Low Back Pain
Low back pain is the most common cause of job-related disability and a leading contributor to missed work. Fortunately, most occurrences of low back pain go away within a few days. Others take much longer to resolve or lead to more serious conditions.
Acute low back pain generally lasts from a few days to a few weeks. Most acute back pain is mechanical in nature, the result of trauma to the lower back or a disorder such as arthritis. Pain from trauma may be caused by a sports injury, work around the house or in the garden, or a sudden jolt such as a car accident or other stress on spinal bones and tissues. Symptoms may range from muscle ache to shooting or stabbing pain, limited flexibility and/or range of motion, or an inability to stand straight.
Chronic low back pain is pain that persists for more than 3 months. It is often progressive and the cause can be difficult to determine.
Men and women are equally affected. It occurs most often between ages 30 and 50, due in part to the aging process but also as a result of sedentary lifestyles. The risk of experiencing low back pain from disc disease or spinal degeneration increases with age.
Low back pain may reflect nerve or muscle irritation or bone lesions. Most low back pain follows injury or trauma to the back causing sprain, strain or spasm in one or more muscles or ligaments of the back. But pain may also be caused by degenerative conditions such as arthritis or disc disease, osteoporosis or other bone diseases, viral infections, irritation to joints and discs, or congenital abnormalities in the spine. Obesity, smoking, weight gain during pregnancy, stress, poor physical condition, posture inappropriate for the activity being performed, and poor sleeping position also may contribute to low back pain. Additionally, scar tissue created when the injured back heals itself does not have the strength or flexibility of normal tissue and can eventually weaken the back and can lead to more serious injury.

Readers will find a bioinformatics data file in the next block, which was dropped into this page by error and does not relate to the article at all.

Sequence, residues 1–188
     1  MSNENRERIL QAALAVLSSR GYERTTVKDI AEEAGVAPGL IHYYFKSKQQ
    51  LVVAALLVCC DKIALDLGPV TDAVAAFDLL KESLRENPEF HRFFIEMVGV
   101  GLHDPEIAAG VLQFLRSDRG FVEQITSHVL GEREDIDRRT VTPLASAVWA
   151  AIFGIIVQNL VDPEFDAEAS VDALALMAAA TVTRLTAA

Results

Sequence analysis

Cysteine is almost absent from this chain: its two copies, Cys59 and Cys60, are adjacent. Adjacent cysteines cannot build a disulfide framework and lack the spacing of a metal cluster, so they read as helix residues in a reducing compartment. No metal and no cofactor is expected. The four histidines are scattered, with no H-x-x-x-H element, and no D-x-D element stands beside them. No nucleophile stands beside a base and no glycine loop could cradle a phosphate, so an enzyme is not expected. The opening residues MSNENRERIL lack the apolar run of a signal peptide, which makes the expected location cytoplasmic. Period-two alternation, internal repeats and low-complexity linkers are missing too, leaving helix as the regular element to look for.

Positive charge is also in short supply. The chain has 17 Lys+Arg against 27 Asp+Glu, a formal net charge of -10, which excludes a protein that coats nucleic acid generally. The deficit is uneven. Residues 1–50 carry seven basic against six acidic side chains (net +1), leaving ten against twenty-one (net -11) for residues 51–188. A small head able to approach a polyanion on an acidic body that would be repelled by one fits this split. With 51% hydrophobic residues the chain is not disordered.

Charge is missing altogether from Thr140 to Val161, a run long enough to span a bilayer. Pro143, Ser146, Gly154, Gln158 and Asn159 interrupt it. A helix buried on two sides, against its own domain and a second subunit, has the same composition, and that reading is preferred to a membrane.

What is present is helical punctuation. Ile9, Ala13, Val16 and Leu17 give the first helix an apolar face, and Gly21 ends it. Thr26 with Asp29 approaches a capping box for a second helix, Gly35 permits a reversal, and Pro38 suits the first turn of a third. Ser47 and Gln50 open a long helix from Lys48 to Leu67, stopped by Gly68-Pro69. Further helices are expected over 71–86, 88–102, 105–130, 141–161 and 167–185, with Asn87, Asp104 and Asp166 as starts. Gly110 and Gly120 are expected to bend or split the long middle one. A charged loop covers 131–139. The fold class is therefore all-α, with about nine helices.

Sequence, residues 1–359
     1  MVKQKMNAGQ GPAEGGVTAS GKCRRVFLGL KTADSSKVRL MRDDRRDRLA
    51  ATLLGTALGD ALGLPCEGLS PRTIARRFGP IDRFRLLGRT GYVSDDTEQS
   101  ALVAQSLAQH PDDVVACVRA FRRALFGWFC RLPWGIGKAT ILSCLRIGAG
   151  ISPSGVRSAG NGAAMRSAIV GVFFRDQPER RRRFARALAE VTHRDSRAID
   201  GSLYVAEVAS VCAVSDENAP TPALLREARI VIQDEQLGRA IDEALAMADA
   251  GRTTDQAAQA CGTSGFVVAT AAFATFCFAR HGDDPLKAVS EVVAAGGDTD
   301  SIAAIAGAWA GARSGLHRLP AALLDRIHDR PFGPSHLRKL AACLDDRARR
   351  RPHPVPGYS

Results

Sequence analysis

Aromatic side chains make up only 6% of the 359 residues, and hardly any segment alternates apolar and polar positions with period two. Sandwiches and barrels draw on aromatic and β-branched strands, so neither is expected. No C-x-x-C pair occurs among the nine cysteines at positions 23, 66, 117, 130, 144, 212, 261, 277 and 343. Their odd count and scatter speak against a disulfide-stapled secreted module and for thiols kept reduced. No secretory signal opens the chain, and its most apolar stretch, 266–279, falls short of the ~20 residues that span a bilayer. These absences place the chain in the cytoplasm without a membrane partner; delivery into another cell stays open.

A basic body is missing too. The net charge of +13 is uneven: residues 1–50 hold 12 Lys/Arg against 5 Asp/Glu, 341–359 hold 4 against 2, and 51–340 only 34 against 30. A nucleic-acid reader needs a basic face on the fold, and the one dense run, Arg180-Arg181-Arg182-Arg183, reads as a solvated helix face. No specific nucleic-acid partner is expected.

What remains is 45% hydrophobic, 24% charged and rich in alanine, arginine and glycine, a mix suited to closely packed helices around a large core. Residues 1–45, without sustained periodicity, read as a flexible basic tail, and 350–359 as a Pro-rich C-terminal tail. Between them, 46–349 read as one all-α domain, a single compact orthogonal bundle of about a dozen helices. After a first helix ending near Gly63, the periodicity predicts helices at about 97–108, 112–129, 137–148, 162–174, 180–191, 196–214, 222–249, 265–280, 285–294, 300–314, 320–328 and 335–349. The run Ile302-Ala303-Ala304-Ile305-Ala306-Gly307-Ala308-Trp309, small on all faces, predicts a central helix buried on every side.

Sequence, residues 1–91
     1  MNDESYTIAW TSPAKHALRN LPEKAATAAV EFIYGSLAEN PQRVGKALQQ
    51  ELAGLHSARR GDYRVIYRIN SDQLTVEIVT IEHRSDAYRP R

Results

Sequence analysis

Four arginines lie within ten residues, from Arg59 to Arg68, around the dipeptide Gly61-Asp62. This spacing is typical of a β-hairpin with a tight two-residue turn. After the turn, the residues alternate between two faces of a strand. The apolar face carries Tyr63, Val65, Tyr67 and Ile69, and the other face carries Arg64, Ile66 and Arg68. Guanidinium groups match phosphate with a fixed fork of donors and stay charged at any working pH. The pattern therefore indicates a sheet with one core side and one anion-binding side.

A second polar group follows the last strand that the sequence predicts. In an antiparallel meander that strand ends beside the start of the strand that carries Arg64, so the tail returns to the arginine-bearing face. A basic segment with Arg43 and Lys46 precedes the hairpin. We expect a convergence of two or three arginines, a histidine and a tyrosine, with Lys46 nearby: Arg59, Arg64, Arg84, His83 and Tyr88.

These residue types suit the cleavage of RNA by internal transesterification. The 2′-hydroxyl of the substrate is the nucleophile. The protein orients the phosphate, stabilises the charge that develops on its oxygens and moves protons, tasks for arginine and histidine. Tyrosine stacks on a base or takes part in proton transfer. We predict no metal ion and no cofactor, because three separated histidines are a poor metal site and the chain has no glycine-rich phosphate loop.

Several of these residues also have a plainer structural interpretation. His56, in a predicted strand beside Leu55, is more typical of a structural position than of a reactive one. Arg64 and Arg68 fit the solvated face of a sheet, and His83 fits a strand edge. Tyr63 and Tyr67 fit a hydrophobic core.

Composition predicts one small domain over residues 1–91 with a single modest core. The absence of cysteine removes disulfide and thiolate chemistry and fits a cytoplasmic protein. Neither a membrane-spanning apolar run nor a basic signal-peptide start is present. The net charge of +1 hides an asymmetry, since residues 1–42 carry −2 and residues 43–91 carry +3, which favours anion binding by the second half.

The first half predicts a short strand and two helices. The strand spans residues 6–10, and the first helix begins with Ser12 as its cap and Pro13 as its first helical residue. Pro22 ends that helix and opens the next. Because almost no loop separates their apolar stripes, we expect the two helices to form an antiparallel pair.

Occasionally, low back pain may indicate a more serious medical problem. Pain accompanied by fever or loss of bowel or bladder control, pain when coughing, and progressive weakness in the legs may indicate a pinched nerve or other serious condition. People with these symptoms should contact a doctor immediately to help prevent permanent damage.
Conditions that may cause low back pain and require treatment by a physician or other health specialist include:
Bulging disc (also called protruding, herniated, or ruptured disc) – As discs degenerate and weaken, cartilage can bulge or be pushed into the space containing the spinal cord or a nerve root, causing pain. Studies have shown that most herniated discs occur in the lower, lumbar portion of the spinal column.
Sciatica – is a condition in which a herniated or ruptured disc presses on the sciatic nerve. This compression causes shock-like or burning low back pain combined with pain through the buttocks and down one leg to below the knee, occasionally reaching the foot. In the most extreme cases, when the nerve is pinched between the disc and an adjacent bone, the symptoms involve not pain but numbness and some loss of motor control over the leg due to interruption of nerve signaling.
Spinal degeneration – from disc wear and tear can lead to a narrowing of the spinal canal. A person with spinal degeneration may experience stiffness in the back upon awakening or may feel pain after walking or standing for a long time.
Spinal stenosis – related to congenital narrowing of the bony canal predisposes some people to pain related to disc disease.
Osteoporosis– is a metabolic bone disease marked by progressive decrease in bone density and strength. Fracture of brittle, porous bones in the spine and hips results when the body fails to produce new bone and/or absorbs too much existing bone.